Law and legal institutions play an important role in shaping social and economic outcomes in our society. Economic analysis of these institutions has lately gained considerable importance. Satish K Jain in ‘Negligence as Existence of a Cost-Justified Untaken Precaution and the Efficiency of Liability Rules’, examines the efficiency of liability rules with a notion of negligence which is often used in courts but mostly ignored by the mainstream literature. Negligence can be defined in at least two different ways: (i) if the care level falls short of the due care level, or (ii) if there is some cost-justified untaken precaution available. While the former definition allows us to characterize efficient rules in terms of negligence liability, the later definition gives us an impossibility theorem that denies the existence of any efficient liability rule. The present paper can be seen as a continuation of some previous works by Jain. Although the impossibility result over a larger domain of application was known for some time, one however may wonder if there is any rule that would invariably generate efficient outcome when applied to a smaller domain of application. One important way to restrict the domain of application would be to consider cases where complementarity in the care levels of the two parties is ruled out. The paper shows that no liability rule is efficient for such a restricted domain.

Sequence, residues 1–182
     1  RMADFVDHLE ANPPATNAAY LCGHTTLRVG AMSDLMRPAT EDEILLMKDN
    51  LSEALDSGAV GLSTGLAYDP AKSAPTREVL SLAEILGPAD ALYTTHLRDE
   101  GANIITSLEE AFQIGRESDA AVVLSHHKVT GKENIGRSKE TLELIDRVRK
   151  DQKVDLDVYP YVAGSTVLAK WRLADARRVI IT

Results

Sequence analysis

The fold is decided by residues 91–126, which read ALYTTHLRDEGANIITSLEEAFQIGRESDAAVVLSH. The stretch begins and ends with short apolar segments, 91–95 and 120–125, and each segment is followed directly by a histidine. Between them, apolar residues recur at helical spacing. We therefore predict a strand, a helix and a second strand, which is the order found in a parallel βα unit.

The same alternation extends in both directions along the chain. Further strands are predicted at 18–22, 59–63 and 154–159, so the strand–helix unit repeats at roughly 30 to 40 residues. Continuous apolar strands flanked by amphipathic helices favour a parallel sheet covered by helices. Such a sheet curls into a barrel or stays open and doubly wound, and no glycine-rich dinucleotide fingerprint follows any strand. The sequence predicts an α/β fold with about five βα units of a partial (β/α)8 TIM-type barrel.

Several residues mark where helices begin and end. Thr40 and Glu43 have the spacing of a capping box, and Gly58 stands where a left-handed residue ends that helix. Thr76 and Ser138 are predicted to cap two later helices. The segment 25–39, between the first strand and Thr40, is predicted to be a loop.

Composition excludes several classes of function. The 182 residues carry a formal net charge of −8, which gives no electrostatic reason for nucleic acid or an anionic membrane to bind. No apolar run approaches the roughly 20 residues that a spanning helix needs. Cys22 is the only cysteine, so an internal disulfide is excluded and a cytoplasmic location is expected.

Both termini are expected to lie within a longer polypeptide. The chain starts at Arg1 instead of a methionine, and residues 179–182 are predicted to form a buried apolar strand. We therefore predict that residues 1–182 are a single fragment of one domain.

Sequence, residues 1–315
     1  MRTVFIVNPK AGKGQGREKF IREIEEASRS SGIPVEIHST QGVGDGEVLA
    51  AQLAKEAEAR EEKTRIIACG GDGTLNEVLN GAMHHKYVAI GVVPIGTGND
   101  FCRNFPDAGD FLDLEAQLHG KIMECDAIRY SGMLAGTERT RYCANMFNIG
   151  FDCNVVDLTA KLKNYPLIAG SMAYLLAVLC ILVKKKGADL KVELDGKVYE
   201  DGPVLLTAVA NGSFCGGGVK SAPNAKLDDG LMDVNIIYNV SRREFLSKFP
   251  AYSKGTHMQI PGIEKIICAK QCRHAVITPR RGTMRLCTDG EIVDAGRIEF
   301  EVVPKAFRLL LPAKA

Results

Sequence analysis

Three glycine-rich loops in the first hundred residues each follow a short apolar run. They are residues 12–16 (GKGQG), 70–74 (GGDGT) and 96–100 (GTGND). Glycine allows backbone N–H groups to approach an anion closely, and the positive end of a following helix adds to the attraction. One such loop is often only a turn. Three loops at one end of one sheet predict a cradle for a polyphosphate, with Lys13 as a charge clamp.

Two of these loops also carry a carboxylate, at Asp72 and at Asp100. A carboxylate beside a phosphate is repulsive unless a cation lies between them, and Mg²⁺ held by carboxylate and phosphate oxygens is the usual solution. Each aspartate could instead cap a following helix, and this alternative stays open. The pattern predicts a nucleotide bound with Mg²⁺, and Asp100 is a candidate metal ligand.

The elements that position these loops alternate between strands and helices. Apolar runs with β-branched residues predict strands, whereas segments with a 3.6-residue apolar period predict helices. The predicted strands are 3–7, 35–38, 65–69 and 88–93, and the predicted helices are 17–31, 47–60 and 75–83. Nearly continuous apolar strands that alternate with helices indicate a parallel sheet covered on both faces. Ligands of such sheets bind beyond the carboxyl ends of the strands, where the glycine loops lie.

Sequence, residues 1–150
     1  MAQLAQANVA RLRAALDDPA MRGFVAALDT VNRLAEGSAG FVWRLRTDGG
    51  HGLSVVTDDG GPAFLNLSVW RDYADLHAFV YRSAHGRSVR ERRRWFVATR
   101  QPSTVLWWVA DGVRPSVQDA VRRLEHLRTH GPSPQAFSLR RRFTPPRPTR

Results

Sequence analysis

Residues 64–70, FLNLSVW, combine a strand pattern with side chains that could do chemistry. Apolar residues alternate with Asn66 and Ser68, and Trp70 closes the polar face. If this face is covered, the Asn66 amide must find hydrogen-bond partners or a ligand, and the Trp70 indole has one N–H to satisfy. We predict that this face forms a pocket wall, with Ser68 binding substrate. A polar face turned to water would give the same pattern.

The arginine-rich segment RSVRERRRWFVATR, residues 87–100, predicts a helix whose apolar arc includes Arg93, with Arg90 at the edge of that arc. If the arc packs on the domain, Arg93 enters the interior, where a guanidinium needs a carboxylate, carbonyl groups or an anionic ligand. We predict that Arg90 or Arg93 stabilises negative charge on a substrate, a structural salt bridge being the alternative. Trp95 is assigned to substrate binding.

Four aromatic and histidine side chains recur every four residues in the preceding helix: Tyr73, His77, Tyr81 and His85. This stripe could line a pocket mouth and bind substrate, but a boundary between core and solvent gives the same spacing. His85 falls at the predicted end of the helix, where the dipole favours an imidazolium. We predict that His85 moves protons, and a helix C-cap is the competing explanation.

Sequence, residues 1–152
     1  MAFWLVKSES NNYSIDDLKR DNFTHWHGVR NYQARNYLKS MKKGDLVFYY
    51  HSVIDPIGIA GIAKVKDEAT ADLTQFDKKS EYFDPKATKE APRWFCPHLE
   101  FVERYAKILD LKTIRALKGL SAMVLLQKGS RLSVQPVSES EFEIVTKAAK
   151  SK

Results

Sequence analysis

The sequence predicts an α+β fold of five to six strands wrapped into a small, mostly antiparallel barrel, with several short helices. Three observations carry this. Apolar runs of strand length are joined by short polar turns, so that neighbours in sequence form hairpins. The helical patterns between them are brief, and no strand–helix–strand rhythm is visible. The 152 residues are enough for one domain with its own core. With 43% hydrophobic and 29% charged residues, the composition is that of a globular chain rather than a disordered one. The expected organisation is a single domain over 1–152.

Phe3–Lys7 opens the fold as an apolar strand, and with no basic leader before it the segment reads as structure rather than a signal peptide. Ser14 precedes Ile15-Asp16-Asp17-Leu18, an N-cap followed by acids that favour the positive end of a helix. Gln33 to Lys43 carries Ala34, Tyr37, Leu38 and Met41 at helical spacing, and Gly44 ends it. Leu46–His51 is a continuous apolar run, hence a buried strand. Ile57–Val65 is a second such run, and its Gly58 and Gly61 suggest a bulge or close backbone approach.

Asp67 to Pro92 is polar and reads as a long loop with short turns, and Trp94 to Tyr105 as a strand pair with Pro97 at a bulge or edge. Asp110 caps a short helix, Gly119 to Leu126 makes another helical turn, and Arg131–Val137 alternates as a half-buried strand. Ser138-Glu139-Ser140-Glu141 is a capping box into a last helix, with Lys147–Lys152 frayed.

In the final chapter, ‘The 11-20 Money Request Game and the Level-k Model: Some Experimental Results’, Sugato Dasgupta, Sanmitra Ghosh and Rajendra P Kundu revisit the 11-20 money game which was first introduced by Arad and Rubinstein. While the results of Arad and Rubinstein cannot be explained by the unique Nash equilibrium of the game, the authors of the present paper confirm the robustness of the result previously obtained by Arad and Rubinstein. The authors however, are not entirely